27 nov 2015 The highlights from the First International Conference on the Self in Language Learning (SiLL)
This month I’ll share the highlights from SiLL – the First International Conference on the Self in Language Learning, in Adana, Turkey last September (17th -19th, 2015).
Raquel Bambirra (CEFET-MG) and Climene Arruda (FUMEC) joined me in presenting a panel on experiential research as a way to elicit self-related data.
The Organizing Committee invited psychology of language learning researchers as plenary speakers – Hayo Reinders, (Unitec, New Zealand), Jean-Marc Dewaele (University of London, U.K.); Peter MacIntyre (Cape Breton University, Canada) and Sarah Mercer (University of Graz, Austria). Below is a synthesis of what they presented.
Co-author of Benson and Reinders (2011) on the theory and practice of informal language learning and teaching, Reinders began from the argument that mainstream language teaching literature still places language learning as happening only in language classrooms, when it has long been documented that around 80% of adult learning takes place outside formal education (Cross 1981). He presented arguments and data to expand research on Language Beyond the Classroom (LBC) focusing on learner autonomy, learning strategies, study abroad, language support, learners’ voices, computer-mediated communication and mobile-assisted language learning.
Dewaele presented an overview of studies on whether multilinguals feel like different people when they speak different languages. He presented data to illustrate research that investigated feeling different as related to lower levels of proficiency and to the frequency of use of some languages. He also addressed language switch as a shift in cultural frame, with some frames allowing different types of behaviors and opinions, possibly related to the personality of the multilingual. He also discussed the methodological difficulties in this type of research.
MacIntyre addressed the self as a “fascinating” concept at the core of leaner’s affective and cognitive experiences, but also related to the emotional and motivational elements that play a role in the complex processes involved in language learning experiences. MacIntyre discussed that such experience often generates a confirmation bias and sense of over-confidence that can be problematic. His research found that processes that oppose each other, such as self-enhancement versus self-handicapping, can operate the same time. He also discussed the very long list of biases in self-related information processing that have not yet been widely accounted for in self-related theories or research methods within SLA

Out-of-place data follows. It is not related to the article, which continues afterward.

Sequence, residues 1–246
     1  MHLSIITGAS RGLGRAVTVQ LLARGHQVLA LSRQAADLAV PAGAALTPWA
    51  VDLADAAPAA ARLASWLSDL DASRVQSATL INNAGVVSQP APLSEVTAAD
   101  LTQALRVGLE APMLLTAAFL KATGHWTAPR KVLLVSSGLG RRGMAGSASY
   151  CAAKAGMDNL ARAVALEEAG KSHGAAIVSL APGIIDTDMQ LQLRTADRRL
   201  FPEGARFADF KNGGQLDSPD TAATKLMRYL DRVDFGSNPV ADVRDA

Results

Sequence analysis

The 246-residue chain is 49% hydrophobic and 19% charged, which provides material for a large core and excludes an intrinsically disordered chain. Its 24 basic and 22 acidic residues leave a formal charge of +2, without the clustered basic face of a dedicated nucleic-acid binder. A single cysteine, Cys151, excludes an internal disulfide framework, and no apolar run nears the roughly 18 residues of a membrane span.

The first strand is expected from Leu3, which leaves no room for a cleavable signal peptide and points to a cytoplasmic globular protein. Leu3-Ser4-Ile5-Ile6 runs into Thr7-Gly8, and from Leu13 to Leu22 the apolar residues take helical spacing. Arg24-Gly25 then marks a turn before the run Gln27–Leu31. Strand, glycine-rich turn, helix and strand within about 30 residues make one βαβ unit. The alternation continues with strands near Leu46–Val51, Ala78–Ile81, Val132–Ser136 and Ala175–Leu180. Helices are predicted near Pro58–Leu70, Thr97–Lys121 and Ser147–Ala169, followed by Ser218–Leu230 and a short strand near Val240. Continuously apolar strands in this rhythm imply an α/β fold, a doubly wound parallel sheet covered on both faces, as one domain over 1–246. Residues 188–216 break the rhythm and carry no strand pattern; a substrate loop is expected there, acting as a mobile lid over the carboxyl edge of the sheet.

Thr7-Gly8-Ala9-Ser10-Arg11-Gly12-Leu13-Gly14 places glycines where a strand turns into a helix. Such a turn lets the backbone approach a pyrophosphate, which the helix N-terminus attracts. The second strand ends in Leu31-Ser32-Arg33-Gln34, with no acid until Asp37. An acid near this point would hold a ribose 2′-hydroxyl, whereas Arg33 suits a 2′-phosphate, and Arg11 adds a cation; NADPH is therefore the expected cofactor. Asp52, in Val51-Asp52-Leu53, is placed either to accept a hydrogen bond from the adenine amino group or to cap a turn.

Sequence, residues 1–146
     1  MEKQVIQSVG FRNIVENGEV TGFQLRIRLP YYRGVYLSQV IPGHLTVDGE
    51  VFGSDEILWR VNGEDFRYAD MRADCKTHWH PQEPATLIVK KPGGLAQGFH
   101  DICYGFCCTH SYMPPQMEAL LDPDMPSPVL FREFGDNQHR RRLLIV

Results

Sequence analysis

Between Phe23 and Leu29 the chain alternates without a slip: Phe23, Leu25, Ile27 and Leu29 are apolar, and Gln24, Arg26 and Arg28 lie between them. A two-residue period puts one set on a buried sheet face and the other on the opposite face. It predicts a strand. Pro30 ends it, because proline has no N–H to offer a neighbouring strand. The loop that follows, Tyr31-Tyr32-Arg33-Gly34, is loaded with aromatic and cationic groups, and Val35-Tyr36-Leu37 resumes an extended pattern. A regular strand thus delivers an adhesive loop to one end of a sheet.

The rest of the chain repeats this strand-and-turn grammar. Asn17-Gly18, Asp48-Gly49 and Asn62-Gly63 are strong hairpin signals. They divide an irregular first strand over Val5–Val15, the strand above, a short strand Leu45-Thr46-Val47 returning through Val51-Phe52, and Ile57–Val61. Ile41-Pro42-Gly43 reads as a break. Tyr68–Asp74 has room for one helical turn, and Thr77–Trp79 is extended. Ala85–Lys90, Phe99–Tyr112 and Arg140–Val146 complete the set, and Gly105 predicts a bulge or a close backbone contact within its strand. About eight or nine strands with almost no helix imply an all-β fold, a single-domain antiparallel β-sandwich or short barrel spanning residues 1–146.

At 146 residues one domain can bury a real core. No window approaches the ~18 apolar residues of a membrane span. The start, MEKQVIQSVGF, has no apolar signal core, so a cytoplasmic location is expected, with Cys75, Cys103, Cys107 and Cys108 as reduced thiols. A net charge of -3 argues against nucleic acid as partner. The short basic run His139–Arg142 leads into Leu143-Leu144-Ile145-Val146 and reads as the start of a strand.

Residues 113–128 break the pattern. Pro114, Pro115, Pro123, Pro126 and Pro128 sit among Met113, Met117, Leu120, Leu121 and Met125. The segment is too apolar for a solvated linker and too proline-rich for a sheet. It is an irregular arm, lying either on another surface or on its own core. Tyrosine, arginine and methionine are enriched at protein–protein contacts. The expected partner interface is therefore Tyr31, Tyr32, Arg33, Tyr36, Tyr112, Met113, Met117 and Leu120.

Mercer addressed some of the key issues and challenges involved in researching the self in SLA. She explained how pedagogical practice led her to believe in the centrality of foreign and second language learners’ sense of self, discussing definitional concerns and reflecting on the nature of different self constructs. She explained the importance of taking multiple perspectives on the self; the connection between definitions of self and paradigmatic stances, and the key challenges in researching the self, especially in terms of self-reports and ethical concerns.
It was a good conference!
CROSS, K. P. Adults as learners: increasing participation and facilitating learning. San Francisco: Jossey-Bass, 1981.
BENSON, P.; REINDERS, H. Beyond the language classroom: the theory and practice of informal language learning and teaching. Basingstoke: Palgrave Macmillan, 2011.